On November 12th I wrote a longish post explaining how growth fluctuations in two of the Federal Reserve’s less‐familiar liabilities—the foreign repo pool (FRP) and the Treasury General Account (TGA)—had contributed to a shortage of bank reserves that in turn caused repo rates to spike. I followed that post with a November 14th post describing steps the Fed, the Treasury, and Congress could take to reduce and otherwise tame those liabilities. Finally, in December, I wrote a third post noting that Congress had already implemented one of the reforms I’d suggested (allowing the Treasury to lend its surplus cash on the private repo market), while pointing to further information reinforcing the case for other changes I’d proposed.
Among those other changes, my November 12th post recommended that the Fed take steps to discourage heavy use of its foreign repo pool (FRP), noting that it might do so by
adjusting the FRP rate formula to make the facility less attractive. At the very least, it could quit making its own rate better than corresponding private market lending rates, as it appears to have been doing lately by basing that rate on the SOFR (Secured Overnight Financing Rate). Since the Fed is a uniquely risk‐free counterparty, it arguably should make its FRP rate not higher but lower than corresponding private market rates. For example, it might set a rate equal to SOFR minus 10 basis points.
Well, it so happens that as I was preparing my December follow‐up post, the FOMC released the minutes of its December 10–11 meeting, buried within which is a brief paragraph noting that
the Federal Reserve Bank of New York communicated to its customers that the remuneration rate on the foreign repo pool will be revised to be generally equivalent to the overnight reverse repo rate. This action may reduce activity in the pool to some extent and increase the level of reserves.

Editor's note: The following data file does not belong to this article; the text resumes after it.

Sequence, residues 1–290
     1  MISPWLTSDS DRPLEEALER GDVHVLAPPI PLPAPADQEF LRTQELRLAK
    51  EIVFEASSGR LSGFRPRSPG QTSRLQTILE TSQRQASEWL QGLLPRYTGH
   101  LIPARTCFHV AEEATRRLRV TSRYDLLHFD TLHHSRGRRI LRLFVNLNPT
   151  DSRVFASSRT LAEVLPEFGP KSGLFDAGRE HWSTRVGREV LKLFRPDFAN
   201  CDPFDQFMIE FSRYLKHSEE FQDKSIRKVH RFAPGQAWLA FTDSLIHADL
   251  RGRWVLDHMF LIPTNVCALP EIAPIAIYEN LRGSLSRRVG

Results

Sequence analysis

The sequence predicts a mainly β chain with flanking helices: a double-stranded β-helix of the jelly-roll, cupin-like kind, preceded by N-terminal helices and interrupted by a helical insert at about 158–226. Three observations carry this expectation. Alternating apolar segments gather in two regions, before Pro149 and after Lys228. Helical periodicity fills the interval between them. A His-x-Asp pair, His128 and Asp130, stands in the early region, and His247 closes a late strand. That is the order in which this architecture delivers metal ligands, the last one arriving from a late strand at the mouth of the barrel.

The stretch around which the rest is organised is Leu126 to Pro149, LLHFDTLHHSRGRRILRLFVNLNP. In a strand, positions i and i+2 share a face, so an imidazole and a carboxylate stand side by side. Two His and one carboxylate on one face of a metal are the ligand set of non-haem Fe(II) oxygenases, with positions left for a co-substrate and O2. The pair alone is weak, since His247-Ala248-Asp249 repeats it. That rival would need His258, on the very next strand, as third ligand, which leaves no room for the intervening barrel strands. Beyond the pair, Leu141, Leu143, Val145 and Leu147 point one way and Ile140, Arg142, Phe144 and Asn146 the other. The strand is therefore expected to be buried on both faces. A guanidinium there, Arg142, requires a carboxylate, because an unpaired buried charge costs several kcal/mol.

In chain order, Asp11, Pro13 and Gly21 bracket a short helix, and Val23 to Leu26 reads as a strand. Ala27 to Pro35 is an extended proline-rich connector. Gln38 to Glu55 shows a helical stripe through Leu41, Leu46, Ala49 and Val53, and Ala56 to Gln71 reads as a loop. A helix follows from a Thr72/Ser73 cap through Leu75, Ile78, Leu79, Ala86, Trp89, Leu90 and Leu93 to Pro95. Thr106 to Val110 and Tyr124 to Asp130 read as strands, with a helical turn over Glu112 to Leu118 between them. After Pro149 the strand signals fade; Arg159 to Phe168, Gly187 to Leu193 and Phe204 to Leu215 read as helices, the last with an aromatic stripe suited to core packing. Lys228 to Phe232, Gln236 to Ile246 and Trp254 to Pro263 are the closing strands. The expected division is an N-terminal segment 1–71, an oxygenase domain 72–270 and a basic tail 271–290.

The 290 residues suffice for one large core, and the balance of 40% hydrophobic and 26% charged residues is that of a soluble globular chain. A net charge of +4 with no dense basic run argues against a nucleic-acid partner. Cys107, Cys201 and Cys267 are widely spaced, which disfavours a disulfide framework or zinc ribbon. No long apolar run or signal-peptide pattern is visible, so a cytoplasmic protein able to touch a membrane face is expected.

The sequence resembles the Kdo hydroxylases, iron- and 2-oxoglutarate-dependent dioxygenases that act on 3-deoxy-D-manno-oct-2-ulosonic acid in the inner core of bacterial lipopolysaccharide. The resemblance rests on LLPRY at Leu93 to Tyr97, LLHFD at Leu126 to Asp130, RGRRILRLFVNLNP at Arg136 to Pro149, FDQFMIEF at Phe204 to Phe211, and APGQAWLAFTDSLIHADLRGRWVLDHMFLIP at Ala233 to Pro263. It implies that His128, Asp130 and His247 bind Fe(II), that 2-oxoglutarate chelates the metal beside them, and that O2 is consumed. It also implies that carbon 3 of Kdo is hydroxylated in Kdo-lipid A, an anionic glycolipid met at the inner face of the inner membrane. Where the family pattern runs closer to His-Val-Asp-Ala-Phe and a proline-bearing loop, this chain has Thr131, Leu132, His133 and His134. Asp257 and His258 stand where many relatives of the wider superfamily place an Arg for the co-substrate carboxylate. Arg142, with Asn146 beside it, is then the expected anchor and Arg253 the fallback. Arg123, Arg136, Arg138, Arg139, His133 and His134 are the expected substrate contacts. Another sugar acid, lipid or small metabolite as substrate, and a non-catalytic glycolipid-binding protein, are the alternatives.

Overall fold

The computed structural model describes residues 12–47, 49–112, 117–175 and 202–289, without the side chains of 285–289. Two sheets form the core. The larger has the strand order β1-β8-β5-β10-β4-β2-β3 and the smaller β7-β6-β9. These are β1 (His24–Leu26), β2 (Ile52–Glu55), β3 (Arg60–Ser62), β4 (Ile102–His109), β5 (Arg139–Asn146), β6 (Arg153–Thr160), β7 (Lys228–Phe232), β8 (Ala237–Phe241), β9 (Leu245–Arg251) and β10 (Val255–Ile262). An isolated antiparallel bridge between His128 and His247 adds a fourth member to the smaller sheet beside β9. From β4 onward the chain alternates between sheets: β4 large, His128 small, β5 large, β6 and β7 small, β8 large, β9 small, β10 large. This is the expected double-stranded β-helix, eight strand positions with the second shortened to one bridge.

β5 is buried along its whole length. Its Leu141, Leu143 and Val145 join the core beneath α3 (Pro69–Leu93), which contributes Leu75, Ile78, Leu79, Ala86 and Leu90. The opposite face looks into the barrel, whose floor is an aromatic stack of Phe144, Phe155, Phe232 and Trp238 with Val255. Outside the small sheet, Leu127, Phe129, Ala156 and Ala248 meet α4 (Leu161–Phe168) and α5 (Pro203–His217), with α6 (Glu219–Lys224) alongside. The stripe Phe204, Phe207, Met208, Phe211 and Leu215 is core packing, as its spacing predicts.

More details on the current workings of the Fed’s foreign repo pool service can be found by clicking here and scrolling‐down to the “investment services” section.
As many of my readers will know, the “overnight reverse repo rate” the Fed now pays on foreign repo pool investments is also the lower limit of the Fed’s interest rate target range. As such, it is typically below the effective federal funds rate that’s supposed to fall somewhere within that range, and also below other overnight rates, including the SOFR. Consequently, and as can be seen from the chart below, there isn’t all that much difference between what the Fed has chosen to do (the new policy went into effect just before the minutes were released) and what I had suggested it do, except that by providing for a more certain and stable FRP rate “penalty,” my proposal would have constituted a somewhat more reliable means by which to discourage the pool’s overuse.
Although in recent weeks the overnight‐reverse repo (ON-RRP) rate has generally been only 3–7 basis points lower than the SOFR, to judge by the decline in the FRP since the Fed announced its new policy, the change seems to have made a difference, though a late‐December jump makes one wonder whether the trend will continue:
But let us not look a gift horse in the mouth! The step is certainly one in the right direction. Now we can only hope that the Fed and the Treasury will work together to come up with a plan for reining‐in the TGA, which so far shows no signs of tapering.
If they need advice on how to do it, I refer them to the links at the top of this post!